Digital scholarship center maps connections between Belfast poets
July 7, 2015
A screen grab of the new Belfast Group Poetry Networks website home page.
A new website called Belfast Group Poetry Networks will make it easier to understand the connections between Irish writers, particularly members of the mid-1960s Belfast Group, using open-source software created by the Emory Center for Digital Scholarship (ECDS).
Belfast Group Poetry Networks, launching July 7, provides an interactive way to explore the poets’ literary and social networks, based on correspondence, shared poems at workshops, and mentions of names and places in poems and throughout their personal papers.
The new site builds on and extends the previous Belfast Group webpage, created in 2000 by the Lewis H. Beck Center for Electronic Collections (now part of ECDS), as well as EmoryFindingAids, a repository of collection descriptions for manuscript collections in Emory's Manuscript, Archives and Rare Book Library (MARBL).
Organized by Philip Hobsbaum, a lecturer at Queen’s University Belfast, the Belfast Group was a writers’ workshop that met from 1963 until 1972, when it disbanded due to political turmoil in Ireland and the rising literary careers of many of its participants. Members would bring group sheets – typed copies of their drafts – to the weekly meetings to distribute to fellow group members for feedback. (Since these are drafts, some of the poems differ from their published versions, adding another layer of interest for researchers.)
Original group members included Seamus Heaney and Marie Devlin (who later married), Edna Broderick, Bernard MacLaverty, Stewart Parker, James Simmons and Arthur Terry. Heaney and other members took over running the group when Hobsbaum moved to Glasgow in 1966. Over the years, the group counted Ciaran Carson, Brendan Kennelly, Michael Longley (who married Edna Broderick), Derek Mahon and Paul Muldoon among its members.
Graphing the Belfast Group
The project for the Beck Center’s original Belfast Group website began in the mid-1990s, when a small number of poets whose papers are held by MARBL gave permission for their group sheets to be digitized to create an electronic poetry collection.
The updated site features the group sheets of the poets who gave permission, including Heaney, Muldoon, Michael Longley, Hobsbaum, Carson, Simmons and Kennelly. The papers of one poet often contain group sheets written by other poets.
“In our Muldoon collection, we have Heaney’s group sheets because Muldoon was there when Heaney read, and in Simmons’ papers, we have Longley’s group sheets,” says ECDS digital humanities strategist Brian Croxall, who served as deputy project leader and project manager.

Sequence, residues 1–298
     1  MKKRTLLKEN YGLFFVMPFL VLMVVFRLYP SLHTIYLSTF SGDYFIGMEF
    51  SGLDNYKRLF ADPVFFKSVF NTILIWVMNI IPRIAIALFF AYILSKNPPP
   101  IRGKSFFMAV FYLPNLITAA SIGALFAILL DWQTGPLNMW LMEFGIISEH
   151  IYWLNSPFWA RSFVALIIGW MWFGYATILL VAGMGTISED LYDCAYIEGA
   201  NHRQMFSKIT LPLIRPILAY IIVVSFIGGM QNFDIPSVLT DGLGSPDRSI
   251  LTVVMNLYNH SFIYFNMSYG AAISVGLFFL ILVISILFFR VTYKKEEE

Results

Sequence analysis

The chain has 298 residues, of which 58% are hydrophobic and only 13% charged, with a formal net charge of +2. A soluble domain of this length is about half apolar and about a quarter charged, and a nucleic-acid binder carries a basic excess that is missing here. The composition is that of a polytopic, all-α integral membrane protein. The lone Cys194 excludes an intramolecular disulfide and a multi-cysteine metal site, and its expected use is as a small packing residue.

Other features of the website include biographies of several Belfast Group members, generated from the MARBL finding aids (if MARBL doesn’t have the poet’s papers, the software will pull in the biography from Wikipedia); network graphs of the authors’ connections to the Belfast Group and to other writers; maps of places connected to people associated with the Belfast Group; and essays about both archival biases and women in the Belfast Group.
The idea to update the Belfast Group site started with senior software engineer and project lead Rebecca Sutton Koeser, who completed a majority of the software development.
She wanted to provide a new way to visualize some of the information found in the finding aids, which list the contents of poets’ papers and archives. Online finding aids are constructed more for humans to read rather than computers, Croxall says, even though there is data embedded.
“There’s so much work that archivists do when they process a collection and describe the material, and they put a lot of that information into the finding aids,” Koeser explains. “This is a way to use more of that data.”
Open-source software and open data
The software Koeser developed is open-source and can be used by other archives to show similar connections among their collections. Anne Donlon, a CLIR postdoctoral fellow in MARBL and ECDS, is using the software for preliminary work with MARBL’s African American collections to connect the writers who wrote, owned or inscribed books to each other, Koeser says.
“It’s a quicker way to find connections among our collections, and it really gives a sense of what the library has and how collections relate to each other,” Croxall says. “That opens up a lot of possibilities for research.”
In addition to Croxall and Koeser, team members included digital text specialist and original Belfast Group website manager Alice Hickcox, digital archivist Elizabeth Russey Roke, and senior software manager Kevin Glover.
The team also plans to publish the data from the site in Emory’s Dataverse Network and on Figshare for others to use in their research.